Monday, March 8, 2021
  Awards and Recognitions, Community

By Victoria Brito

RIO GRANDE VALLEY, TEXAS – International Women’s Day has been celebrated across the globe today in celebration of the social, economic, cultural and political achievements of women. 

The University of Texas Rio Grande Valley’s International Admissions and Student Services hosted its annual IWD celebration virtually, to honor the international women’s community at UTRGV. The event also was streamed on Facebook Live.

“In a year defined by a tremendous challenge and a continued transformation, we are gathered today to celebrate International Women’s Day at UTRGV,” said Samantha Lopez, director of UTRGV IASS. “Unfortunately, this year we will not be able to gather and be close to each other. Still, we choose to be here to hold this event virtually to celebrate and acknowledge the outstanding work of our international female faculty and students.”

This year’s theme was Choose to Challenge.

“We all have the power that we can bring change,” said Dr. Parwinder Grewal, UTRGV executive vice president for Research, Graduate Studies and New Program Development. “As you know, gender equity is a big problem all around the world, and in the United States we have a big equity gap.”

He called on everyone to take the action needed to address equity.

“Equity in all its forms is an important cause that we need to work on,” Grewal said. “This year has been particularly tough on all women. COVID-19 has exposed so much of what women can do for families and communities.”


Dr. Ruby Charak
Dr. Ruby Charak, UTRGV Associate Professor in Psychological Science, with a plaque that was awarded to her in the International Women's Day event. (UTRGV Photo by Paul Chouy)


Dr. Ruby Charak, associate professor of psychology, was honored as the 2021 Outstanding International Female Faculty. She was nominated by the Women’s Faculty Network.

Charak is from India and has been on faculty at UTRGV since 2016. She works with and mentors students from around the world.

“I am honored and humbled to be recognized,” she said. “Today, as I reflect upon my experiences and travels from India to Europe to the U.S., I realize that my journey is a part of my identity now – an identity that is ever-evolving, full of passion, compassion and growth.”

As Charak accepted her award, her mother was there to witness her daughter’s achievement, eyes filled with happy tears.

“I would like to take this opportunity to encourage women to believe in their dreams and aspirations,” Charak said. “And as you make your way to the top echelon, remember to throw the rope back.”

Also being honored were the International Female Students: Undergraduate and Graduate. The awardees were given a $1,000 scholarship to further their education at UTRGV.


Tamara Woodley
UTRGV student-athlete Tamara Woodley was an undergraduate honoree. (UTRGV Photo by Paul Chouy)


The undergraduate student honored was student-athlete Tamara Woodley, from the Caribbean island of St. Vincent and the Grenadines. A sophomore biology major, she is a member of the UTRGV Women’s Track and Field team.

“Right now, I am on the road today traveling to Houston for a competition,” Woodley said. “I did my best to be here to express my gratitude and how much it means to me to accept this scholarship. I come from a small island and it took a lot for me to adjust to the U.S., so I thank everyone for giving me the opportunity to do so.”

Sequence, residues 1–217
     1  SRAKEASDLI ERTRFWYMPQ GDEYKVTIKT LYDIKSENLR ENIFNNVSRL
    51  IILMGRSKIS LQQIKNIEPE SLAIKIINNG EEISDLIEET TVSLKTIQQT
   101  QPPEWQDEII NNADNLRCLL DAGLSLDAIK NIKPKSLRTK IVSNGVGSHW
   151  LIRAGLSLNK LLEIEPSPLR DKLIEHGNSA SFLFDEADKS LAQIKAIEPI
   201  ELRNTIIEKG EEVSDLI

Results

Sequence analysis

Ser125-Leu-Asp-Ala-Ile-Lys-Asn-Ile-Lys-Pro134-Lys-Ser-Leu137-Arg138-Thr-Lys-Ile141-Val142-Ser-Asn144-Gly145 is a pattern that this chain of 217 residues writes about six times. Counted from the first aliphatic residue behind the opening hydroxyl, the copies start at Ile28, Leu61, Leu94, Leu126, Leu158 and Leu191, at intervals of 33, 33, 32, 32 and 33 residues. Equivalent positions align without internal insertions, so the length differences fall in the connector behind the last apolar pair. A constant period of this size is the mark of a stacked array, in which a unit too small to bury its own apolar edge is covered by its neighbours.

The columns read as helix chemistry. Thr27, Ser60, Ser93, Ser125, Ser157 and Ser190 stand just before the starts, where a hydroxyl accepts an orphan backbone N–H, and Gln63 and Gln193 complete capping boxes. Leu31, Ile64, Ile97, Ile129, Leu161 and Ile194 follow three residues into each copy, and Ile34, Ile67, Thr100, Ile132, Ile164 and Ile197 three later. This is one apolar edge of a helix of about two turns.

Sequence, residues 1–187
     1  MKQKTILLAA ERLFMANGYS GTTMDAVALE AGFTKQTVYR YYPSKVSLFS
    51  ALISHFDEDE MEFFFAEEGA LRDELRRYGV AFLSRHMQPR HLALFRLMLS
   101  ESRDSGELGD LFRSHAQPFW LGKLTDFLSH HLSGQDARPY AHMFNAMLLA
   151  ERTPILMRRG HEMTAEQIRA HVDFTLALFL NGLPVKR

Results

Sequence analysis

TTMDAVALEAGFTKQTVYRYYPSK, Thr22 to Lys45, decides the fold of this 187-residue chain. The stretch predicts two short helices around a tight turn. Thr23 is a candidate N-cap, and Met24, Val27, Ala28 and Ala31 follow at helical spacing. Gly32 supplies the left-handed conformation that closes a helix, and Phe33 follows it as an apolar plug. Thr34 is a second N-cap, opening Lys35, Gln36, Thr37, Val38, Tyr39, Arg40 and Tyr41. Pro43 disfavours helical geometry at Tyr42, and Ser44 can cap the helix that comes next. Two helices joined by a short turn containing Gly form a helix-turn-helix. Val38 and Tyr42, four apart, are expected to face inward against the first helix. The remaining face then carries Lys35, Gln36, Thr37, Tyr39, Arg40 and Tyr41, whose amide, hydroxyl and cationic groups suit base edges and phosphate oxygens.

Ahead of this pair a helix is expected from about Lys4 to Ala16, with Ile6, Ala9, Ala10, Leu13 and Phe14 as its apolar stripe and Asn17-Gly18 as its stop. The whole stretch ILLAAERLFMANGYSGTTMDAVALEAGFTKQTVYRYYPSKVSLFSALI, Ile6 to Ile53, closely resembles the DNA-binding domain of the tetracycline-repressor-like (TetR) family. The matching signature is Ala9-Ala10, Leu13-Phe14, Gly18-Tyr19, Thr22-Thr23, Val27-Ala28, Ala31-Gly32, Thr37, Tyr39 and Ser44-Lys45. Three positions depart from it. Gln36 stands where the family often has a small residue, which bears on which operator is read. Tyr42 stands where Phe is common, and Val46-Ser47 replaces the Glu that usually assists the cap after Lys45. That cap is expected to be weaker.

Haimanti Majumder
UTRGV master's student Haimanti Majumder was the graduate student honoree. (UTRGV Photo by Paul Chouy)


The graduate honoree was Haimanti Majumder, from Bangladesh. She is pursuing a master’s degree in chemistry at UTRGV and will graduate Fall 2021. She is heavily involved in research within her department.

“My grandmother used to tell me, ‘Be a woman who will never be suppressed by any other,’” Majumder said. “I belong to a country where, still, women are considered as less capable than men. They are not encouraged to study in technical subjects.”

Majumder expressed gratitude to UTRGV for giving her a space to attain an education and help chip away at the gender barriers in her country.

“Now, I am at a better place here at UTRGV,” she said. “Here, at least, all my rights and safety has been assured and I have the independence to do my research work. Everything has been possible through my supervisor, who I would like to give a special thanks. Dr. Mohammed Jasim Uddin has been a great support for my academic and personal life.”


The University of Texas Rio Grande Valley (UTRGV) was created by the Texas Legislature in 2013 as the first major public university of the 21st century in Texas. This transformative initiative provided the opportunity to expand educational opportunities in the Rio Grande Valley, including a new School of Medicine, and made it possible for residents of the region to benefit from the Permanent University Fund – a public endowment contributing support to the University of Texas System and other institutions.

UTRGV has campuses and off-campus research and teaching sites throughout the Rio Grande Valley including in Boca Chica Beach, Brownsville (formerly The University of Texas at Brownsville campus), Edinburg (formerly The University of Texas-Pan American campus), Harlingen, McAllen, Port Isabel, Rio Grande City, and South Padre Island. UTRGV, a comprehensive academic institution, enrolled its first class in the fall of 2015, and the School of Medicine welcomed its first class in the summer of 2016.